Based on the above information and checking all available photographic directories I am confident that the article below is for Henry William Bradley.  Recorded in the Southern Standard (Tarboro’, North Carolina) on January 31, 1852.  Agriculture In California.  Gold is not the only source of wealth in California.  But her soil is rich, and in many localities capable of immense production.  Agriculture appears to be attracting much attention, and has been very profitable during the past season.  We find in the San Francisco “Courier,” of the 14th November, a notice of an award of premiums for best agricultural specimens…and added to the exhibition are also beautiful specimens of the daguerrean and photographic art from Mr. Shew, and also from Mr. Bradley….

Nathan S. Bennett

Nathan S. Bennett was first recorded in the 1844 Boston City Directory as a photographer at 109 Washington Street, Boston[1], with no residence information provided.  He was not listed in subsequent directories.  He next appears in an advertisement in the Wilmington Journal newspaper (Wilmington, North Carolina.)  The advertisement ran from December 24, 1847 to January 28, 1848.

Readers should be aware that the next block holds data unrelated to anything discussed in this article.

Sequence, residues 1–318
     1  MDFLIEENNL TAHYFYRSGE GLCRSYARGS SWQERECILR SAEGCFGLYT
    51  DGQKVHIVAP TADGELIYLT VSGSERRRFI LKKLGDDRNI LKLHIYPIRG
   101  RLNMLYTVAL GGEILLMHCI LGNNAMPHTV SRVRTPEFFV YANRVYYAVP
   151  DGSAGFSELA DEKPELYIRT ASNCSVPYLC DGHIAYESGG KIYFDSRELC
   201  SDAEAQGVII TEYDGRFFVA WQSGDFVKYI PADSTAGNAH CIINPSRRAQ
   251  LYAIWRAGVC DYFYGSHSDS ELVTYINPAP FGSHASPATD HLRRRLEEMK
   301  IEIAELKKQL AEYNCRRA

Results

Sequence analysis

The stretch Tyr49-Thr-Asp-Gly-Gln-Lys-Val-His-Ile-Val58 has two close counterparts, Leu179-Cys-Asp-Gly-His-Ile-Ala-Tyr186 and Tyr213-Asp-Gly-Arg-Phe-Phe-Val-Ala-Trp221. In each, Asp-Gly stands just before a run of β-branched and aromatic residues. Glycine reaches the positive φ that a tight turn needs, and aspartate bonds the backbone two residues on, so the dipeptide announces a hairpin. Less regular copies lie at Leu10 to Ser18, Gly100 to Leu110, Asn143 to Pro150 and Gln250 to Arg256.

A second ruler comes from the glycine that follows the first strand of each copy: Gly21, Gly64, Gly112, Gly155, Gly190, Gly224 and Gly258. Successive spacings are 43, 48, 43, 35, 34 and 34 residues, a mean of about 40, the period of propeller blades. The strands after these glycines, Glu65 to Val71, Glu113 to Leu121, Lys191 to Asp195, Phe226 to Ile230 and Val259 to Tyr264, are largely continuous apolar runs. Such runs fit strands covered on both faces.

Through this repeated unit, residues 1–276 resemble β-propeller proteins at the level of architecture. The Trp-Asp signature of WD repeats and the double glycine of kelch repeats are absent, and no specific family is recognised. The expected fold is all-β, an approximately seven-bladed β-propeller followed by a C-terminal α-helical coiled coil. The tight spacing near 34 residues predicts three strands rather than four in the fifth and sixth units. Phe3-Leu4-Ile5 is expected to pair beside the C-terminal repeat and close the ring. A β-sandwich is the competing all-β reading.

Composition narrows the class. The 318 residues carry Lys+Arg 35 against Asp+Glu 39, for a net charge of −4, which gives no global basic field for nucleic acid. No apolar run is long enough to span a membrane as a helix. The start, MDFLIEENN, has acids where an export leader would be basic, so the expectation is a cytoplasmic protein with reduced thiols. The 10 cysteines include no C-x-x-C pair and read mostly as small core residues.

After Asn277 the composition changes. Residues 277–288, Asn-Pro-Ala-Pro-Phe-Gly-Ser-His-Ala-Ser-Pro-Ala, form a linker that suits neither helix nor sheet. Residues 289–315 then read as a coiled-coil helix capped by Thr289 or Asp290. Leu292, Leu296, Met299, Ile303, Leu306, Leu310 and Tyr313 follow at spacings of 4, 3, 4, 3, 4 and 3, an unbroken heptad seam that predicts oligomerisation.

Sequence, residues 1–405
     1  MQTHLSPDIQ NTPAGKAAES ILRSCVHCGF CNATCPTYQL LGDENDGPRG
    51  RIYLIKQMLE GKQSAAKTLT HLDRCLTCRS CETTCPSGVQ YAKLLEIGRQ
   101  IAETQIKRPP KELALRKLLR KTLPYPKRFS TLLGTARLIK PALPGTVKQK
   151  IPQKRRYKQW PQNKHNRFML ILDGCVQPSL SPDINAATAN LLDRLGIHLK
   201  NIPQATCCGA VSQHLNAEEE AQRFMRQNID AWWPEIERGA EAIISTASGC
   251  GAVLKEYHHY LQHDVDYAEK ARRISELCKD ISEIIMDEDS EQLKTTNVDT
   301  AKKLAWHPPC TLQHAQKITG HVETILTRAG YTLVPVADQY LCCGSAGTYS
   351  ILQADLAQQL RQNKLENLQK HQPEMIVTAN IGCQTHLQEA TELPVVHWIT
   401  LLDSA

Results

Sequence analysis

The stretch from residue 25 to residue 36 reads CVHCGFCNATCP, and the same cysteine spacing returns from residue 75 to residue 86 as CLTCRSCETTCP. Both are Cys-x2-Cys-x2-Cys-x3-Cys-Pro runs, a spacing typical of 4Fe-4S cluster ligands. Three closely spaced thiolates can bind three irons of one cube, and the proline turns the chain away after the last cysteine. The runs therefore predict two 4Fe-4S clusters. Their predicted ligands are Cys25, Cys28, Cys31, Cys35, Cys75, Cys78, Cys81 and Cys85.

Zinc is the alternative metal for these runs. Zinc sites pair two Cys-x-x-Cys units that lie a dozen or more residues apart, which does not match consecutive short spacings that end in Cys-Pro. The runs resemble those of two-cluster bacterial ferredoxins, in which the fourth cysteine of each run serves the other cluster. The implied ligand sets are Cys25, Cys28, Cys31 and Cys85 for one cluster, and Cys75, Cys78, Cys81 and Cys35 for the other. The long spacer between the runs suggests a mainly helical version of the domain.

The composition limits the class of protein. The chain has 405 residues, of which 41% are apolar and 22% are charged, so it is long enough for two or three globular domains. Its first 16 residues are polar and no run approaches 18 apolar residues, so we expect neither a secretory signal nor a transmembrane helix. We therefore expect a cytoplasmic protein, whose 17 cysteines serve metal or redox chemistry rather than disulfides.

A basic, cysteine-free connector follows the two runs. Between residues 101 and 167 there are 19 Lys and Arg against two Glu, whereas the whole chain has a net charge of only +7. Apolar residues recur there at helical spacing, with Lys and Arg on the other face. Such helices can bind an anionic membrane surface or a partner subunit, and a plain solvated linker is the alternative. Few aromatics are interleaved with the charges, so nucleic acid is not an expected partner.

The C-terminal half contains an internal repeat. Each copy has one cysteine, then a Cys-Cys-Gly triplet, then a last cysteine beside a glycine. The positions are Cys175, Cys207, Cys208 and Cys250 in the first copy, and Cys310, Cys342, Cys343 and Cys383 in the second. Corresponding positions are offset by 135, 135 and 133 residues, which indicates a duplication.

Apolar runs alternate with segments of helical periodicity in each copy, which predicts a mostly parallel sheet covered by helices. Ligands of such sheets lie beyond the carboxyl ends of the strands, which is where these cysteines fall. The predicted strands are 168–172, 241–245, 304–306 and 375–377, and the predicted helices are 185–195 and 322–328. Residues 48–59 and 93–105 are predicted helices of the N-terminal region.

“Transferred by wondrous magic art, Behold how perfect every part.”  N. S. Bennett, From Boston, would most respectfully inform the inhabitants of Wilmington and vicinity, that he has fitted up rooms in the rear of Dr. Ware’s Office, Front Street, for the purpose of taking Daguerreotype Miniatures, and would invite all who wish really bold and perfect miniatures of themselves or friends, to give him a call.  By a new and expeditious process, peculiar to himself, he is enabled to take the likeness of infants, of almost any age; and parents may now procure pictures of their little ones which will be protraction’s of life itself.  Hours for operating, from 10 a. m., till 4 p. m.

Nathan S. Bennett is recorded in several photographic directories for his time spent in Boston in 1844.  The possible connection to the Hale brothers (Charles E. and or Luther Holman) has not previously been explored.  There is also another possible connection to Smith Bennett and Nahum S. Bennett in Washington, D. C. and Alexandria, Virginia.

[1] He may have worked for Charles E. Hale and or possibly Luther Holman Hale in 1844-1845 at 109 Washington Street.